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Incredible Edibles UF/IFAS St. Lucie County Extension

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Presentation on theme: "Incredible Edibles UF/IFAS St. Lucie County Extension"— Presentation transcript:

1 Incredible Edibles UF/IFAS St. Lucie County Extension

2 When is the right time to harvest? Learn how to store and exhibit the fruits of your labor Harvesting Your Garden

3 Vegetables Harvesting

4 When to Harvest Harvesting too late - less tenderness and poor quality - will drain the plant, causing less production Harvesting too early - may result in smaller vegetables and less flavor. pick and taste a few for readiness At Planting Time- Read seed packet for # of days to reach maturity List date planted, maturity date and variety on plant stake

5 Harvesting Harvest vegetables in the early morning while theyre still cool. Wash them thoroughly using plenty of cool, running water, and chill them in the refrigerator or in an ice bath. Vegetables should be canned or frozen as soon as possible after harvesting, since they can decline in quality within just a few hours.

6 Biggest is not Always Best Most crops can be harvested several times if only the part that is ready is harvested. The quality of vegetables does not improve after harvest. At maturity vegetables are at their peak for flavor and nutrition. This is not always true when a vegetable is at its largest stage.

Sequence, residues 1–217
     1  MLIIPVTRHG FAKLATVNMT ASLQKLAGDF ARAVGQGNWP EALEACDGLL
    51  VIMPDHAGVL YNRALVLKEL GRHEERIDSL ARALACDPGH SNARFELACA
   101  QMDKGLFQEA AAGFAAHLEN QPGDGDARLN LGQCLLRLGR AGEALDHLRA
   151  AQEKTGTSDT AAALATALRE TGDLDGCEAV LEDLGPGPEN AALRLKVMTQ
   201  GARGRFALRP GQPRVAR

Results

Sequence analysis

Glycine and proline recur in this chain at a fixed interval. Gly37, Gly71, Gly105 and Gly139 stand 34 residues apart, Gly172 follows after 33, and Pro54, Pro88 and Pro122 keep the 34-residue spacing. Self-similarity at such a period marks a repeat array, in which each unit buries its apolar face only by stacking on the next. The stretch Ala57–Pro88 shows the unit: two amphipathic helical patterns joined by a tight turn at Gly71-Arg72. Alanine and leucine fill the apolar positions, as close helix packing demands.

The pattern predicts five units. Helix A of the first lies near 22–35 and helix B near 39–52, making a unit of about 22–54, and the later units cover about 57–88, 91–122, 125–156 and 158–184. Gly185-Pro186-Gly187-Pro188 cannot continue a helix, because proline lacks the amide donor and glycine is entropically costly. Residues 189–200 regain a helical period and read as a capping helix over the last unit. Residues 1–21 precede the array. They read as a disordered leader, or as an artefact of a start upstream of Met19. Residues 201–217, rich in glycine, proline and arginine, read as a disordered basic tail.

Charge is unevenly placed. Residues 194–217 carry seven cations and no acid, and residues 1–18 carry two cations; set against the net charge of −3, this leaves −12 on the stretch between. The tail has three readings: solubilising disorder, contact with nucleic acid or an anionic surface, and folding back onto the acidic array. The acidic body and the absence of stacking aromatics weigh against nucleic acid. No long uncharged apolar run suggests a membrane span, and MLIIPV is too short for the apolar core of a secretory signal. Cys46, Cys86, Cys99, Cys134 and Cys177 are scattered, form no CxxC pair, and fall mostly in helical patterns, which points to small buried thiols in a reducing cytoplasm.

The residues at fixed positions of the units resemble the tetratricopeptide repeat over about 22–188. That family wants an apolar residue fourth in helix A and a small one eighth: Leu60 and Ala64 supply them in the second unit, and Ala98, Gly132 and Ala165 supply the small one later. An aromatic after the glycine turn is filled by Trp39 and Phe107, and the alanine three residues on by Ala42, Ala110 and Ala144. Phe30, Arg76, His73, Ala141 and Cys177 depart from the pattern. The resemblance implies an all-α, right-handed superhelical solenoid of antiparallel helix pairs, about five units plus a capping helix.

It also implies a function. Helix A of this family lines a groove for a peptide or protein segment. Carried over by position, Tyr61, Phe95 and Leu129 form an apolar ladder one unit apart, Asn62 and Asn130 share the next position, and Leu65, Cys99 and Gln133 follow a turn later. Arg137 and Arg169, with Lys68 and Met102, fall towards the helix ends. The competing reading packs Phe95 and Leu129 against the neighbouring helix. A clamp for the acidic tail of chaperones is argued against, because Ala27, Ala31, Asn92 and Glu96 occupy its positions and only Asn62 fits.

7 Storing Bulbing Onions - when 20% of tops have fallen over, field cure the bulbs before harvesting - first undercut the roots and pull back the bulbs - stack them in windrows so that tops cover the bulbs (prevents sunburn) days of field curing, spread plants in thin layers in dry, well- ventilated area for ~ 1 week - remove tops and place in slotted crates or boxes or tie tops together and hang. -Store in cool, dry, ventilated area

8 Storing Irish Potatoes - harvest after tubers are 1 in diameter, anytime after flowering - harvest for storage after vines have died down - Remove all cut, bruised, green and diseased potatoes immediately - place good potatoes in boxes/crates and store in cool, dry, dark place -Do not store where they could freeze

9 Storing Sweet Potatoes -dig before frost and when soil is dry -handle carefully to avoid bruising -for prolonged storage roots should be cured -Curing: -remove all diseased potatoes before curing - place in crates for good air flow - wet roots thoroughly and cover with plastic - keep temperature 80-85°F, humidity 80-85% for 3-7 days -store in cool (60°F), dry place

10 Storing Tomatoes -Before frost, pick green fruits and spread in single layer in cool place - pull up entire plant and hang by roots in cool place - do not store unripe fruits in the refrigerator - once tomatoes are red ripe or cut for use, they may be placed in the refrigerator to reduce spoilage

11 Storing Dried Beans and Peas -allow beans and peas to mature thoroughly on the plant - spread in dry, ventilated area and allow to dry for 2- 3 weeks - shell or thresh and store in covered containers